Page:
Instead, they responded on social media with put upon concern that would place them in lockstep with Harvard admissions. They complained that students' schedules were being handed down to them by dictatorial, oppressive parents unconcerned with their well-being. They stressed the importance of down time for social learning, the development of emotional intelligence that couldn't be measured by a math test. They pointed out that they didn't fit into this mold of quantitative excellence but turned out great. Most horrifyingly, current and former educators groaned about levels of parental involvement many teachers would kill for, and bemoaned how awkward and odd many of their bright and overachieving students were.

Though disappointing, the reaction was hardly unpredictable. This bizarre claim is one I've been hearing all my life — that there's some kind of negative correlation between what we traditionally define as academic success and things like creativity, athletic ability, sense of humor, taste, or any other traits people not-so-subtly imply Asians don't have. In years of academically rigorous summer programs, the kind the district is clamping down on, and later during four years at Harvard, where I majored in computer science, I met scores of people who bucked this trend. Students and professors who were hilarious and kind and incredibly engaging and confident public speakers, in addition to being brilliant mathematicians and engineers with a deep and genuine love of learning. Their self confidence just happened to be well-deserved and hard-earned.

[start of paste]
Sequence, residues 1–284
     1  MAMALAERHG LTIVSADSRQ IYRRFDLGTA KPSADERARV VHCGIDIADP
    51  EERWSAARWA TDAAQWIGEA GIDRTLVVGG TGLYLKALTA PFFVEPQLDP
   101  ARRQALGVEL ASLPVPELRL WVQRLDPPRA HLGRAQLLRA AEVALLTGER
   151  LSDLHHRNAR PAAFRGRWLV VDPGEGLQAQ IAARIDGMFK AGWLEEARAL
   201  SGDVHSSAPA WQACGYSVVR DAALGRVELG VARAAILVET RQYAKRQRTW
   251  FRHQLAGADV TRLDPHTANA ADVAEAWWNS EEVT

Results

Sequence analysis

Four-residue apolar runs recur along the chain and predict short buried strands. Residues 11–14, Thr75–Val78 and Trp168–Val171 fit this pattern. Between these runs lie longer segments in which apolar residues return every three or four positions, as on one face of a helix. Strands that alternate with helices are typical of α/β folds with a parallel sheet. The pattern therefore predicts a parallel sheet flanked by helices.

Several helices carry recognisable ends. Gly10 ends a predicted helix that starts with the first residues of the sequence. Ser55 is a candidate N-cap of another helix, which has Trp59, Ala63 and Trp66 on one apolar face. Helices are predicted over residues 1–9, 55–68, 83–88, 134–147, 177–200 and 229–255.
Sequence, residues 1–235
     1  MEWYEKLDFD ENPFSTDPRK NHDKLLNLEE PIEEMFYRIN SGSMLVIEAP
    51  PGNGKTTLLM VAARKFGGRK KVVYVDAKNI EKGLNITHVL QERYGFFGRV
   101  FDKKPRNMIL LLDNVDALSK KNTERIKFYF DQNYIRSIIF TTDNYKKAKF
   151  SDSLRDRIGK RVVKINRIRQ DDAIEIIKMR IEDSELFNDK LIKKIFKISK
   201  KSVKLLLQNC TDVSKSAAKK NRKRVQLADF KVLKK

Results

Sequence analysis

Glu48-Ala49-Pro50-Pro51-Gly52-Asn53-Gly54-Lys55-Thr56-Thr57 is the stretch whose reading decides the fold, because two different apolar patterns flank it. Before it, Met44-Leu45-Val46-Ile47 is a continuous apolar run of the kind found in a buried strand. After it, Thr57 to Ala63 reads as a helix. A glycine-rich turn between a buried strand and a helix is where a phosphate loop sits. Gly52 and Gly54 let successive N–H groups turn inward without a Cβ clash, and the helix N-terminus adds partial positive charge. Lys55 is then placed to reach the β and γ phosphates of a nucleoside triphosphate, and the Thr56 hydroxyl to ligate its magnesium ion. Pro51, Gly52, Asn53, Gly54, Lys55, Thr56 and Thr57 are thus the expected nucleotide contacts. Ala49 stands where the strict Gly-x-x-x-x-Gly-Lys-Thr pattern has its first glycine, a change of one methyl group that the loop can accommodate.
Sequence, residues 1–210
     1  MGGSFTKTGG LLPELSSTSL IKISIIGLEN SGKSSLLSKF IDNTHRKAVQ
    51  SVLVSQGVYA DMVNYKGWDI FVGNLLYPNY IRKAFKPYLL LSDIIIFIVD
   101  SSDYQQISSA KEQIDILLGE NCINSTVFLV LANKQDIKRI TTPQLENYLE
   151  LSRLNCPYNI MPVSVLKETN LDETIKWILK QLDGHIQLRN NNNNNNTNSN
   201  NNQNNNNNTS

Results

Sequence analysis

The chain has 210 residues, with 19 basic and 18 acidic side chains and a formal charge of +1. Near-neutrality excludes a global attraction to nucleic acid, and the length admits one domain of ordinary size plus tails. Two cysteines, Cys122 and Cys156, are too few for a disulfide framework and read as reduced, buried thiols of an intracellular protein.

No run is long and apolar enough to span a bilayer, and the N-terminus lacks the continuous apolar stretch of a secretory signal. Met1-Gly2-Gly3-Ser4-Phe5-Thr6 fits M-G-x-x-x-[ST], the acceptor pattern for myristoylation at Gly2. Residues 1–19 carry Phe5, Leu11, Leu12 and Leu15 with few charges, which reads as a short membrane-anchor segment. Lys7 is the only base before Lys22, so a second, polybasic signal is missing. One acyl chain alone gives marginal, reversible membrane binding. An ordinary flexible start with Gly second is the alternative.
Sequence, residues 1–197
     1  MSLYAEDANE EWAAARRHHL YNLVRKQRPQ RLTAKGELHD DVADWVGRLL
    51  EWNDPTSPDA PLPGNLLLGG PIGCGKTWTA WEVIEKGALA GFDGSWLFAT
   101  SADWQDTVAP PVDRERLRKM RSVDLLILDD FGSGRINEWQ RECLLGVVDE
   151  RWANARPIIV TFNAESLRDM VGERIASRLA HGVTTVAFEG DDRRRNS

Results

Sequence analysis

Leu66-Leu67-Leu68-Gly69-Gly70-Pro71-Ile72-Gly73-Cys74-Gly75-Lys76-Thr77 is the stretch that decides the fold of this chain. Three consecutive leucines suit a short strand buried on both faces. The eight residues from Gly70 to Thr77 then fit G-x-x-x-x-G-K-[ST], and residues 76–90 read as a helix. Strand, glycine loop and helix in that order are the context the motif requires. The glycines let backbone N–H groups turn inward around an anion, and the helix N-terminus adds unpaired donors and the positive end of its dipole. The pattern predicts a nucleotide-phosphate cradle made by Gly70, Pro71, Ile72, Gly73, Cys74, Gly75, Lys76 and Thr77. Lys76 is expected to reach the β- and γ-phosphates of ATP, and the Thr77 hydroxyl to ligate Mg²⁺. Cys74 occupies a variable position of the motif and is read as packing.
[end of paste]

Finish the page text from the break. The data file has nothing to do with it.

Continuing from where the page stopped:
The debates and biased Times coverage are snippets of broader conversations. Studies show that white Americans favor meritocracy until they learn how well Asian Americans would fare under such a system. There is certainly a way to approach the concept of "holistic education" that isn't misguided, but the term has been co-opted by those who'd rather point to imagined differences in social and emotional intelligence than grapple with the realities of their unearned material comfort. Indeed, what was described by the Times as a district easing pressure on students could have just as easily, and in my opinion more accurately, been described as a district changing standards to appease parents who don't want their children to feel average. Framed differently, this is a story about white entitlement, not Asian oppressiveness.